Canadian Bank Bans Crypto Purchases from Its Credit Cards
A Canadian bank has announced it will no longer allow its customers to purchase cryptocurrencies using its credit and debit cards.
“I can confirm that we no longer allow the purchase of cryptocurrencies via Interac Online Payments or by using a retail consumer Mastercard-branded credit or debit card,” a spokesman for the Bank of Motreal said in a statement.
The statement confirms rumours of the imminent ban that have been floating on Reddit. Snapshots of an email allegedly sent to employees about the decision have been doing rounds on the discussion site.
The bank cites the highly volatile nature of cryptocurrencies as the reason for the move. Major banks in the UK and the US have also banned customers from using the credit cards to purchase cryptocurrencies for similar reasons.
“This decision was made due to the volatile nature of cryptocurrencies, and so to better protect the security of our clients and the bank,” the email said.
Joining the Bandwagon
Other banks have recently joined in with warnings against investing in cryptocurrencies. Danske Bank recently published a statement urging customers to refrain from “investing in the field.”
The statement noted the fact that cryptocurrencies are not backed by central banks and the lack of consumer protection that is “typically connected with traditional currencies and investments.”
It also cited the highly volatile nature of cryptocurrencies and the little insight customers have over the market.
The statement took a direct hit on Monero as one of the cryptocurrencies that lack transparency and that could be used for criminal activity.
“The lack of transparency and regulatory control have made cryptocurrencies a target for criminal purposes and we know that they on several occasions have been involved in criminal transactions like money laundering or extortion, the statement by Danske Bank went on.
The bank outlined its “obligation” as a financial institution to fight money laundering as one of the justification for the move to ban cryptocurrency transactions on its platform.
“At the current stage, cryptocurrencies do not offer the sufficient level of transparency in order for us to live up to our obligations within anti-money laundering regulation.”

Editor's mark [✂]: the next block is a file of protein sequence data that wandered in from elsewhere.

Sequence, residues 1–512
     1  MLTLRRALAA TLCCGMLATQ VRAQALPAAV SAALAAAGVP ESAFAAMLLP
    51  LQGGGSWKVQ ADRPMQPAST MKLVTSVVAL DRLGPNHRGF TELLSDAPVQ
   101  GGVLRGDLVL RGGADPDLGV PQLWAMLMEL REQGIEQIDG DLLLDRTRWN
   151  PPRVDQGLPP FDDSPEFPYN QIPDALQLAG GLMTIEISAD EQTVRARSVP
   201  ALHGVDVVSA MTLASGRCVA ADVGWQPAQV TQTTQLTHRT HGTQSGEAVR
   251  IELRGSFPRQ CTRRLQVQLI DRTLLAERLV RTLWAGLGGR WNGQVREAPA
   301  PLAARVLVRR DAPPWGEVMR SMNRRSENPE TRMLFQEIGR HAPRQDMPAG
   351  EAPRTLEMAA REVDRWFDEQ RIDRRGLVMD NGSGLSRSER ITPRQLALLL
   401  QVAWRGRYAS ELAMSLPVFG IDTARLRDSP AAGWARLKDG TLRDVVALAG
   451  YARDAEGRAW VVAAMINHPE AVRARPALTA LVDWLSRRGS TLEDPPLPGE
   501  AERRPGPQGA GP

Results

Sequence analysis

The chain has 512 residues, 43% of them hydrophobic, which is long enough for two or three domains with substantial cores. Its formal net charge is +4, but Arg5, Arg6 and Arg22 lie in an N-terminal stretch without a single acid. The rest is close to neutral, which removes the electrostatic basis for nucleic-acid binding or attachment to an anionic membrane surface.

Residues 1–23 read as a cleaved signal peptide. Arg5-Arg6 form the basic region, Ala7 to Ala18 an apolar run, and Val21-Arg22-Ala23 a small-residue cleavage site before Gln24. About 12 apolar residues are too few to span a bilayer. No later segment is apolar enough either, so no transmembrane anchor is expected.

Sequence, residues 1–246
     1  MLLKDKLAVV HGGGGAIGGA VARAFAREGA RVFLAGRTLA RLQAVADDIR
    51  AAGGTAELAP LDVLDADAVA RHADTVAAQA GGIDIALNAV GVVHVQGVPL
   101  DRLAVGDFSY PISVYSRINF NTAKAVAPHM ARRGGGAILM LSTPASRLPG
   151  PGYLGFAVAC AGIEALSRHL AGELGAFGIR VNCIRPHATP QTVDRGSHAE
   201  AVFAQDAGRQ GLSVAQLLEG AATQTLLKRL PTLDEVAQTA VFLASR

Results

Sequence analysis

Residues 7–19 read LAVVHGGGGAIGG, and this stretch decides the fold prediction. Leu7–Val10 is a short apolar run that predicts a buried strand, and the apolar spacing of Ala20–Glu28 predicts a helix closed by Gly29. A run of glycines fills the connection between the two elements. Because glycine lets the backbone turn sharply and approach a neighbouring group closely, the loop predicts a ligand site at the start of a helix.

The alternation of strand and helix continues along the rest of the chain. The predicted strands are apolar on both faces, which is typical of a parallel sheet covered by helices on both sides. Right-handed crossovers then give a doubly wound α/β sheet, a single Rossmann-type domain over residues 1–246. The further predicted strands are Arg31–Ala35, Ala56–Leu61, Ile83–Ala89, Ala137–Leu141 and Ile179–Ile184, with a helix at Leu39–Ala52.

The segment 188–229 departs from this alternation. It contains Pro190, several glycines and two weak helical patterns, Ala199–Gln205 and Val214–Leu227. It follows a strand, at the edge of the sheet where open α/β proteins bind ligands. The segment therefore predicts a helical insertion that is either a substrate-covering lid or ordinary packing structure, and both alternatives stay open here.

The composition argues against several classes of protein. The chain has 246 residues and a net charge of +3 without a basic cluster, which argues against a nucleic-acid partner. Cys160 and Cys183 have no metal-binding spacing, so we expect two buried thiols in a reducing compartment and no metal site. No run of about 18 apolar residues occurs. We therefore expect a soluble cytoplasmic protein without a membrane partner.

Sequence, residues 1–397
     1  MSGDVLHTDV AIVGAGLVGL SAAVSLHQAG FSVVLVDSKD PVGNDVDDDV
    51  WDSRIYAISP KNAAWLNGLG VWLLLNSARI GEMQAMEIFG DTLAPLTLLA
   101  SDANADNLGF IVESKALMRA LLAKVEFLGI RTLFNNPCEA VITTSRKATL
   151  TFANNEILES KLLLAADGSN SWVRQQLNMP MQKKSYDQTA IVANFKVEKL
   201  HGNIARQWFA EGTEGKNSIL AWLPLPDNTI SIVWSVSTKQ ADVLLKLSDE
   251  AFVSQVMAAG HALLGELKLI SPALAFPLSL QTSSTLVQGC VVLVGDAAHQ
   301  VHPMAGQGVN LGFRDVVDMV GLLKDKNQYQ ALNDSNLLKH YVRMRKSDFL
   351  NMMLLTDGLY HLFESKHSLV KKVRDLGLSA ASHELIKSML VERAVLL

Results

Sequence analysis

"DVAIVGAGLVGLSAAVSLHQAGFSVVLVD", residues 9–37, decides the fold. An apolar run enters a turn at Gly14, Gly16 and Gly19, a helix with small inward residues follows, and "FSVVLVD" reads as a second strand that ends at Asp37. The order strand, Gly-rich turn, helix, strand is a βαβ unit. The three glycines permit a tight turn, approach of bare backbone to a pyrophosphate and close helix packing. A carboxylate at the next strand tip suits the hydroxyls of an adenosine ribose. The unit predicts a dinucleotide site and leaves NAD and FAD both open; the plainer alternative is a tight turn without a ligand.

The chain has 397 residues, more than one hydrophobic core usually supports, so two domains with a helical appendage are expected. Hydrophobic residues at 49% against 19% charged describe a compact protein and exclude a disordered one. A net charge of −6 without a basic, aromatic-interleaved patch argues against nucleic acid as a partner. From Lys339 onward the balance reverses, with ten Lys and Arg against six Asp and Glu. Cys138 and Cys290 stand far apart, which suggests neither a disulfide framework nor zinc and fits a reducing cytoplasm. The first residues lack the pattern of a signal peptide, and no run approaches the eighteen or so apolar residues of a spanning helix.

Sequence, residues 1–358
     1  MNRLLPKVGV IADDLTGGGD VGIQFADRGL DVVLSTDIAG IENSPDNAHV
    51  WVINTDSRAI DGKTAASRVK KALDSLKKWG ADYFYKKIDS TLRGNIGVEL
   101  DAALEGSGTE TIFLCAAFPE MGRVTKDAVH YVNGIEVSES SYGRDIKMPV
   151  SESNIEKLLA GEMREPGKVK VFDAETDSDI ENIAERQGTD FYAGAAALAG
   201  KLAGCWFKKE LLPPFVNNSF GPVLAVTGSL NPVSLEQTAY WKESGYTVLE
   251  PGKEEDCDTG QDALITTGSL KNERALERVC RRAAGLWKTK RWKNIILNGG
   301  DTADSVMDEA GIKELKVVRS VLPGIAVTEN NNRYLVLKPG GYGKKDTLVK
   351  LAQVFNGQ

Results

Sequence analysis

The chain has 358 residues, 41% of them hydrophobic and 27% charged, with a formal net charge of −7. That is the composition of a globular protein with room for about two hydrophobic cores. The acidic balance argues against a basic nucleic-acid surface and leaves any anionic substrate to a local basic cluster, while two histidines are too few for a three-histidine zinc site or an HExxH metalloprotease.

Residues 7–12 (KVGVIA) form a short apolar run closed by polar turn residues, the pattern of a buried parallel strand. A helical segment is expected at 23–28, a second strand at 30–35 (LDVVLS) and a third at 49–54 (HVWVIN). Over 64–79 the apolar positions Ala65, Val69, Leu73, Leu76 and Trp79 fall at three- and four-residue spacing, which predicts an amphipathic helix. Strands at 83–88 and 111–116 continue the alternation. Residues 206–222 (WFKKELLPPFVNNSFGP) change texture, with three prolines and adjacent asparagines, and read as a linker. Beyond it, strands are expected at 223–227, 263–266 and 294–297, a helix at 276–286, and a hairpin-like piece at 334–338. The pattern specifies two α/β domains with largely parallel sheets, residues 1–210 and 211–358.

The bank does not however bar its customers from purchasing cryptocurrencies using their cards or making deposits to their accounts from cryptocurrency investments as long as they comply with anti-money laundering procedures.
“If you as a customer wish to deposit funds originating from cryptocurrency investments, we will treat it in the same way as deposit funds stemming from other types of investments. Accordingly, we may accept the deposit, if it complies with current regulation and anti-money laundering procedures,” the bank said.
Furthermore, we do not block the usage of a Danske Bank issued credit card in connection with trading cryptocurrencies. However, as with all credit card transactions, customers should comply with current anti-money laundering procedures and regulation.
The news might seem gloomy for the cryptocurrency market but there is light at the end of the tunnel. The bank is monitoring the situation and may review its stance “if the market becomes more transparent and mature.”
This latest news adds to the woes of a market that has been reeling from sustained pressure from governments and financial institutions since the beginning of the year. Leading cryptocurrency Bitcoin is struggling to stay above $7,000 as increased scrutiny continues to take a toll.
Market Cap Steadily Declining
The to total cryptocurrency market cap now stands at $258,767,414,011 according to CoinMarketCap.
This translates to a decline of 45% of its value from about $472 billion a month ago.
Regular crackdowns on cryptocurrency exchanges in the US, South Korea and Japan have helped to further erode the confidence in the market.
This week, cofounders of Centra whose ICO was promoted by the boxing star Floyd Mayweather and rapper DJ Khaled were arrested for the fraudulent ICO. They face various charges including selling unregistered securities to the public.
In South Korea, Youbit, the exchange that was hacked twice within a year is facing new trouble after its insurer declined its claims.
The insurer claimed the exchange rushed the process and did not disclose important details before taking the policy.
A takeover of the now bankrupt exchange is in the offing but it is not clear how the latest development will affect the bid. It had been hoped that the funds from the insurer would be used to compensate customers who lost their money during the hack.
In recent weeks, Binance, the fifth largest exchange worldwide by market capitalisation was banished from Japan for operating without a valid license. It is reportedly planning to make Malta its new home.
Bitfinex is also making plans to move to Switzerland as it seeks a friendlier jurisdiction. Currently based in Hong Kong, Bitfinex is one of the largest exchanges. Chinese authorities have however been cracking down heavily on the sector since 2017. Cryptocurrency transactions are banned in the country and an orderly exit of cryptocurrency mining activities in underway.